Reflecting Skin

Haley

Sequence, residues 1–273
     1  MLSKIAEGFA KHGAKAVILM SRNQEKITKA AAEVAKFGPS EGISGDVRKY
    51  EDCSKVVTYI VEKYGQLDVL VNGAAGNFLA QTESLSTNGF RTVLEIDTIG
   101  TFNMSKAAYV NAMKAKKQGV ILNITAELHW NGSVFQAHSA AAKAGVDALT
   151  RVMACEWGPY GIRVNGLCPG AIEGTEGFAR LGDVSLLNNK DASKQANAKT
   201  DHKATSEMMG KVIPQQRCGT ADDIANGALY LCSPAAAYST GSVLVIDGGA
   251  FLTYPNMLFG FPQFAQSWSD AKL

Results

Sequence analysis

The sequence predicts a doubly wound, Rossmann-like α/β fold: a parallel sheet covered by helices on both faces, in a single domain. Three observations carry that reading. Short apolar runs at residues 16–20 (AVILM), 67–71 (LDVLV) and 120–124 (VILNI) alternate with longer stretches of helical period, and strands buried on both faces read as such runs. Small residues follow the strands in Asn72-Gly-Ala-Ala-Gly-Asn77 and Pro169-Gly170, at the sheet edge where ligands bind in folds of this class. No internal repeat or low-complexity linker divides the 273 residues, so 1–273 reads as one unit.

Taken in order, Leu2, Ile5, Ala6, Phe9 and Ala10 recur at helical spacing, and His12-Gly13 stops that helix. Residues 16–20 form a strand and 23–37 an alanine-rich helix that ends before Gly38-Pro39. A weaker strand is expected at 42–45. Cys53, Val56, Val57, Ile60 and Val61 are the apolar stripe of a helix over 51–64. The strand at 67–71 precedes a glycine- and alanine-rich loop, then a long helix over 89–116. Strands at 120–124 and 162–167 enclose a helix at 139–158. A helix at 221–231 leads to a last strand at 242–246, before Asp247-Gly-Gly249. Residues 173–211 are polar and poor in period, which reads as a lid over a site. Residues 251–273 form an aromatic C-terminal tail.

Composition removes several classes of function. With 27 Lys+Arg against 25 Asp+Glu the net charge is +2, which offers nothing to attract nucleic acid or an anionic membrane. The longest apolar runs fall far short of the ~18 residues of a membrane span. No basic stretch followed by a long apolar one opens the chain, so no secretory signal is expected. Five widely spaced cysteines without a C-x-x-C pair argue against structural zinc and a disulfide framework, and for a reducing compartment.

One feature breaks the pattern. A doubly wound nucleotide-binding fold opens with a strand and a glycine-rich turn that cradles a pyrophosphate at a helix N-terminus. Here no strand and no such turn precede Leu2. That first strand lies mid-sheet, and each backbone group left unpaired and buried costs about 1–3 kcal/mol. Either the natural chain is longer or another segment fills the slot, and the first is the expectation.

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No, they're not another Sire or 4AD treasure, although they do call to aural memory such acts as My Bloody Valentine, Cocteau Twins, and even the Jesus and Mary Chain. Reflecting Skin call their sound "apocalyptic gypsy music," and given their experimental approaches (bassist Alex Milne uses a bowed bass, guitarist Christian Gilbert applies manic sampling alongside riffs, and there's even mention of a folded wine glass played by the album's mixer, Bruce Mcfarland), it's easy to accept this self-ascribed category. Reflective Skin successfully express their nightmarish lullabies on their debut, Haley -- a macabre mix of instruments and samples maintain a powerful, unique current in their torrential wash of sound. The exotic inflections are also due in large part to Gilbert's employment of an odd-stringed instrument that sounds like the Greek bouzouki. These three musicians, formerly of the goth band One of Us, offer a definite goth-tinged base juxtaposed with the echoing, ethereal chords of vocalist Leah Chandra, whose singing is best described as eerily lovely. The tracks seem to follow a definite order, some functioning as nebulous introductions or interludes for the more intense, rousing numbers that follow. The first track, "-," is more of a droning distortion than a song in and of itself, laying the foundation for "Seven Mile Drive," which in turn introduces the powerful rhythm work of drummer Dave Mcfarland. Quite literally, his beats drive toward the album highlight, "Heavy Hand," a wild but enigmatic piece tempered with occasional breaks in the song's potent, thick sonic structure. "See You" is nearly an a cappella interlude, spotlighting Chandra's vocal range. She ventures into high octaves that contrast provocatively with a low, steady, monotone synth sound echoing support. For the most part, Haley delivers what its title implies -- a flash of fire and light that is otherworldly. Its intensity fades occasionally, but that works to the album's advantage, accenting the stronger pieces in the contrasts, not unlike a comet's tail to its core. As a debut, it is impressive and promising work from this fresh group of Boston shoegazers.

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